Jonathan Villar has had a weird season. For the first month, the stats on television graphics made him look like he was playing pretty well. He hit .271 in April, which is fine for a second baseman who the Brewers couldn’t have been sure would do even that much. But it was an empty batting average, as Villar had only two extra base hits in the entire month, and he walked just five times. As a result, his .271 batting average generated only a .629 On-Base Percentage plus Slugging Percentage (OPS).
In May, his batting average stayed basically the same (.275), but he added the power that had been missing from his game. In Villar’s fantastic 2016 season, the middle infielder slugged .457, which was far above his career levels. Last year, that number dropped all the way to .372, so the fact that his May slugging percentage (SLG) was .449 was encouraging. That jump in power resulted in a .787 OPS in May.
June’s numbers look poor on the surface. Villar is hitting just .230 this month, and his SLG is .410; while it is certainly an improvement from his bad season last year, it is not quite at the levels at which he is most successful. His OPS this month is .675, which feels about right: Villar has not been as bad as he was in April, but he’s been worse than he was in May.
However, there are signs that the second baseman has in fact turned his season around. Villar’s June batting average on balls in play (BABIP) is .289, which is far below his career .345 mark. BABIP fluctuates within a season, but a player’s career number generally represents what one can expect their true BABIP talent to be. So even though .345 would normally be considered abnormally high, Villar may actual be able to produce that number consistently. In fact, his overall season BABIP this year is .360. Thus, the fact that his batting average dropped in June can be attributed at least in part to his lower BABIP.
Villar’s swing-and-miss numbers also haven’t changed, which indicates that he is making about the same amount of contact but the ball just isn’t falling. This suggests that the lower BABIP is in fact the cause of his worse June performance.
Further proof that Villar is in fact hitting better is that his isolated slugging percentage (ISO) in June is higher than it was in May. SLG is partially dependent on batting average, but ISO removes batting average, and all of its associated BABIP vagaries, and just demonstrates how many of Villar’s hits have been for extra bases. In April, when his batting average was astoundingly empty, Villar’s ISO was .047; in May and June, it has been .174 and .180. He is in fact driving the ball better, and that is making him a productive hitter.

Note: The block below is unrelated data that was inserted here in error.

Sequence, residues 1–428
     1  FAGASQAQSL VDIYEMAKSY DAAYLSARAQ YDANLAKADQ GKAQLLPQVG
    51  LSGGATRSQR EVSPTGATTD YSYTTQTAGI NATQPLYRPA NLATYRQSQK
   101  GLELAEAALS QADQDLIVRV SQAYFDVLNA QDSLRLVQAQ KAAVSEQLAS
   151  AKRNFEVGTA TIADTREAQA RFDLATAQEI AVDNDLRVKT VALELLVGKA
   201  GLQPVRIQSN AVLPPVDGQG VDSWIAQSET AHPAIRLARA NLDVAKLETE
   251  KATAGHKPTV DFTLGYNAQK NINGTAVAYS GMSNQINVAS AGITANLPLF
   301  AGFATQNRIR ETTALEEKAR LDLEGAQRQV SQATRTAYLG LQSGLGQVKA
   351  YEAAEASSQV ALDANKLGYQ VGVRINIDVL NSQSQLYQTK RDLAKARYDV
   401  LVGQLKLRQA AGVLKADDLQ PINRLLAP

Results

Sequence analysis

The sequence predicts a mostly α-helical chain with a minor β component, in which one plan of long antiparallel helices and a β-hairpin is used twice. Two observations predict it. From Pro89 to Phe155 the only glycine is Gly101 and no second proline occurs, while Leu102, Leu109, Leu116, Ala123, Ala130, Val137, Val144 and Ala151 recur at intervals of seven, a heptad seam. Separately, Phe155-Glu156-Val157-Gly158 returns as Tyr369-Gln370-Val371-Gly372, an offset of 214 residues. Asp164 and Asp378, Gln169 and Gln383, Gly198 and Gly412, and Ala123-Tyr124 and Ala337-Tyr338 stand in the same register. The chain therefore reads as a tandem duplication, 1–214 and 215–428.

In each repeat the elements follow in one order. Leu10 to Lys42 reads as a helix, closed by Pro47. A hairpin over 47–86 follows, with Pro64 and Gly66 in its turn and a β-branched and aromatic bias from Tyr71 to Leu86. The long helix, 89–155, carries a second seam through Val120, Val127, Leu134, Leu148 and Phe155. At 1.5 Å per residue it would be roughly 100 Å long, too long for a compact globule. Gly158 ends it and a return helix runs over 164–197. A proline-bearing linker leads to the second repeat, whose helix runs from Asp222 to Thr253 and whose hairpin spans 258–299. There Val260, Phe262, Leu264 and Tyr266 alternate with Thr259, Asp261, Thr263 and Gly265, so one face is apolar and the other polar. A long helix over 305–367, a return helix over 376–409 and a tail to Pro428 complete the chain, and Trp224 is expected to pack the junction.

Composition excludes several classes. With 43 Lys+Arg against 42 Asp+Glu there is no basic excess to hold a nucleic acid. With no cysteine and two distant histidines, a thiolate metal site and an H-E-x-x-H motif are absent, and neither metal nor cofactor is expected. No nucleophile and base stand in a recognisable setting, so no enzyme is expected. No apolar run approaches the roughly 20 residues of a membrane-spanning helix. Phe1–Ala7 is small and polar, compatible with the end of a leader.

Villar’s value on the field is tied to his power at this point in his career. Fielding Runs Above Average (FRAA) has never considered him a great defender, even at his mark of 4.6 FRAA in 87 games in 2014. Thus Villar’s value has been driven by his bat. And he walks some, with a career 8.8 percent walk rate that is above the major league average of 8 percent, but his career .256 batting average isn’t particularly great either. For him to be a valuable offensive player, he has to hit for power.
This season, Villar’s.126 ISO is still below MLB’s league average for second basemen of .141. His batting average (.260) and OBP (.307), however, are right around the league marks (.248 and .309, respectively). And yet, Villar has been a below-average hitter, as he has thus far posted a .255 True Average (TAv), and his negative defensive value has made him a replacement-level player in 2018. Shockingly, this is in fact worse than he was last year when he posted 0.8 WARP (although his negative value this year is due to defense, and partial-season defensive metrics are more unreliable than their offensive counterparts).
What this has generally demonstrated, however, is that Villar needs to hit for power to be valuable. He has begun to do that, though. His April was quite bad in this respect, so his season-long numbers are still unimpressive. But in the last seven weeks or so, he is now hitting for power. If that continues, he may be serviceable at second base so that the club can survive with him in the lineup if a replacement does not arrive via trade.
Photo Credit: Benny Sieu, USA Today Sports Images